Still other psychoplasmic creatures wander the planes, fixated on whatever was embedded in their minds when they came into being. A strange few seem to be born without any ambition beyond a nameless urge to wander the multiverse in search of adventure before they finally dissipate back into the silvery void of the Astral Plane.
“Psychoplasmic” is an acquired template that can be added to any corporeal creature (other than an undead), referred to hereafter as the base creature.
Challenge Rating: Base creature’s CR + 1.
Alignment: Usually neutral.
Type: The creature’s type changes to outsider. Do not recalculate the base creature’s base attack bonus, saves, or skill points. It retains any subtype and gains the augmented subtype. It uses all the base creature’s statistics and special abilities except as noted in the following sections.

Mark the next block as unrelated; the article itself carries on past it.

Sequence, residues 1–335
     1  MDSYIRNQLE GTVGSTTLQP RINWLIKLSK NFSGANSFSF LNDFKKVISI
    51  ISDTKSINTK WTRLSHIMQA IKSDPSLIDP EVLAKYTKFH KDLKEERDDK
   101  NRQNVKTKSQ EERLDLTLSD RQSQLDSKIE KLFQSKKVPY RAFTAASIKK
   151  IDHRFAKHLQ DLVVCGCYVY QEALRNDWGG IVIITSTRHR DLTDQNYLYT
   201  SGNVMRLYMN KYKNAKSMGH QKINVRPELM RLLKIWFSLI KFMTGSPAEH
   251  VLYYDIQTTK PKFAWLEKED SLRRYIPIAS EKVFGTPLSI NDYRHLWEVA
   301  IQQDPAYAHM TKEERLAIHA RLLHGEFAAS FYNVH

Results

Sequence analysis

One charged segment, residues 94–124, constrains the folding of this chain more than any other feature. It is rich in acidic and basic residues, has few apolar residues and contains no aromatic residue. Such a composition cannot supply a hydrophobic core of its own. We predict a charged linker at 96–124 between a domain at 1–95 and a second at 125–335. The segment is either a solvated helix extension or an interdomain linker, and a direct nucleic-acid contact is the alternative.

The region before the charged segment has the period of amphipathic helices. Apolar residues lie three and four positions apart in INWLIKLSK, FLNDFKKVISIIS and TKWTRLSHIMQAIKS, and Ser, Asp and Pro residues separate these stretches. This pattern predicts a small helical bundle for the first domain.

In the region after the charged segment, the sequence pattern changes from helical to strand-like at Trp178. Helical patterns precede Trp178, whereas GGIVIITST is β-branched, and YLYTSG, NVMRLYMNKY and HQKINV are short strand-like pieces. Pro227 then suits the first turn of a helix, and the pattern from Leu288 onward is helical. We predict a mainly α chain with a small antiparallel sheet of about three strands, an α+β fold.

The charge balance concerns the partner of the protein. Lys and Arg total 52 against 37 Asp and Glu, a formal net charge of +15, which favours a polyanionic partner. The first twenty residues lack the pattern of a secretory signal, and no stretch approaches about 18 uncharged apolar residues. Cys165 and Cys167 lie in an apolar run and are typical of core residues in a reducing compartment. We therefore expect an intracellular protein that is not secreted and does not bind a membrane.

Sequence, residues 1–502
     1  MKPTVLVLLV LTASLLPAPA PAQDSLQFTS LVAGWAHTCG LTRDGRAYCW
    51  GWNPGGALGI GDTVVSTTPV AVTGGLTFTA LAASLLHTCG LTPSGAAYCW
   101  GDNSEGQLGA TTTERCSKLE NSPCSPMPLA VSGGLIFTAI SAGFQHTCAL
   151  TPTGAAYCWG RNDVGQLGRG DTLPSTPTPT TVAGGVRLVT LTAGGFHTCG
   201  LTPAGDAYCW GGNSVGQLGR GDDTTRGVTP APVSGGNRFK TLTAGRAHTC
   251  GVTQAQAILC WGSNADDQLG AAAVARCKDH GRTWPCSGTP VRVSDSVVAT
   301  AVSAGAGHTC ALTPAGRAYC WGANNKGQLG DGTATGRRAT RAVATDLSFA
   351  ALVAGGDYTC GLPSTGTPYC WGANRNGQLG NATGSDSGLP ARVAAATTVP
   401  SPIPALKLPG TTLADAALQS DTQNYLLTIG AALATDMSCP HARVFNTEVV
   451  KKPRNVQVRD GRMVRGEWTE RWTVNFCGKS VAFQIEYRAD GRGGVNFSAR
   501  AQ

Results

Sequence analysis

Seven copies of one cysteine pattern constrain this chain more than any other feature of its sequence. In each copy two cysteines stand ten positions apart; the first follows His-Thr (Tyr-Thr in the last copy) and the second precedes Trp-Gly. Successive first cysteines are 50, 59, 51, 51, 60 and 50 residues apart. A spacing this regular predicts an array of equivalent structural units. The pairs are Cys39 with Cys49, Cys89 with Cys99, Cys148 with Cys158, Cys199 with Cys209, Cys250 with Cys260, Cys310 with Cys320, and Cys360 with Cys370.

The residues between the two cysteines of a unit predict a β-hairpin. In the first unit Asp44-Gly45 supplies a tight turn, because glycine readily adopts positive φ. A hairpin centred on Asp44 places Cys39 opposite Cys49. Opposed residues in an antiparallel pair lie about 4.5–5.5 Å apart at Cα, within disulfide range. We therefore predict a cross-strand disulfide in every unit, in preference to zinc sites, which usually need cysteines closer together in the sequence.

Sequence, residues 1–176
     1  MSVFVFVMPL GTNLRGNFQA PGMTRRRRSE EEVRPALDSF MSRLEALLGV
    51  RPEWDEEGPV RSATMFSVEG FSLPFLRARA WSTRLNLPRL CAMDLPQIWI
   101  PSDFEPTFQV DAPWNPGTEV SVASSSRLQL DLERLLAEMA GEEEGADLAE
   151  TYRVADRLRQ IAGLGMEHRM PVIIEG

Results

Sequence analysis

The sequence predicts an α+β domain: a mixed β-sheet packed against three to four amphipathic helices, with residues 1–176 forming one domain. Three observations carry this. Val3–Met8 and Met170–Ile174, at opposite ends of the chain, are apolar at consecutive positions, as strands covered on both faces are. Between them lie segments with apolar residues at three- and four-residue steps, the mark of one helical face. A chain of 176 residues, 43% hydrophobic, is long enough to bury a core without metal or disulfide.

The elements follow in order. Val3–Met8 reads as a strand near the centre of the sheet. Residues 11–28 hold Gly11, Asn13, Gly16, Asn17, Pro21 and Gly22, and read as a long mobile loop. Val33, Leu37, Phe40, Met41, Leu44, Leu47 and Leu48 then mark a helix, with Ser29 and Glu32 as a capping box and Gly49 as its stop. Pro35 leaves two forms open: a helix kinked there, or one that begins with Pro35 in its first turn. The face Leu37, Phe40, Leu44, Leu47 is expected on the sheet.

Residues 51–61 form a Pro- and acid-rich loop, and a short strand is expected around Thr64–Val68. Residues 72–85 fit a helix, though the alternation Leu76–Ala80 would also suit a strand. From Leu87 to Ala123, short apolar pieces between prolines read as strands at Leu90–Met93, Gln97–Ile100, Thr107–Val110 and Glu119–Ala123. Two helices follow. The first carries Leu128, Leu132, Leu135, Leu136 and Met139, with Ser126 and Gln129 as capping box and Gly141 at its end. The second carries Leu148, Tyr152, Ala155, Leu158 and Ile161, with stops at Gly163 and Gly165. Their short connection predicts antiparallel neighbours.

|5–10||10||5/magic or adamantine|
|11+||15||10/magic and adamantine|
Speed: Psychoplasmic creatures gain a fly speed of 60 feet (perfect) while on the Astral Plane.
Special Attacks: A psychoplasmic creature retains all of the special attacks of the base creature. In addition, a psychoplasmic creature gains the following special attack.
Upon successfully making an unarmed strike or natural attack against a creature with an Intelligence score of 3 or higher, a psychoplasmic creature can attempt to impose a mindlock on that creature as a free action. The target of the mindlock must succeed at a Will saving throw (DC = 10 + 1/2 the psychoplasmic creature’s Hit Dice + its Intelligence modifier). If the target fails, it cannot cast spells, speak, or use Intelligence checks or Intelligence-based skill checks for 1 round (or 1d4 rounds, if the psychoplasmic creature has 11 Hit Dice or more).
Ability Scores: Dex +4, Int +4.
Special Abilities: The flexible body of a psychoplasmic creature grants it the compression ability.
Pathfinder Campaign Setting: Occult Bestiary © 2015, Paizo Inc.; Authors: Josh Colon, John Compton, Paris Crenshaw, Adam Daigle, Eleanor Ferron, James Jacobs, Joe Homes, Mikko Kallio, Mike Kimmel, Ron Lundeen, Kate Marshall, Kalervo Oikarinen, Stephen Radney-MacFarland, and F. Wesley Schneider.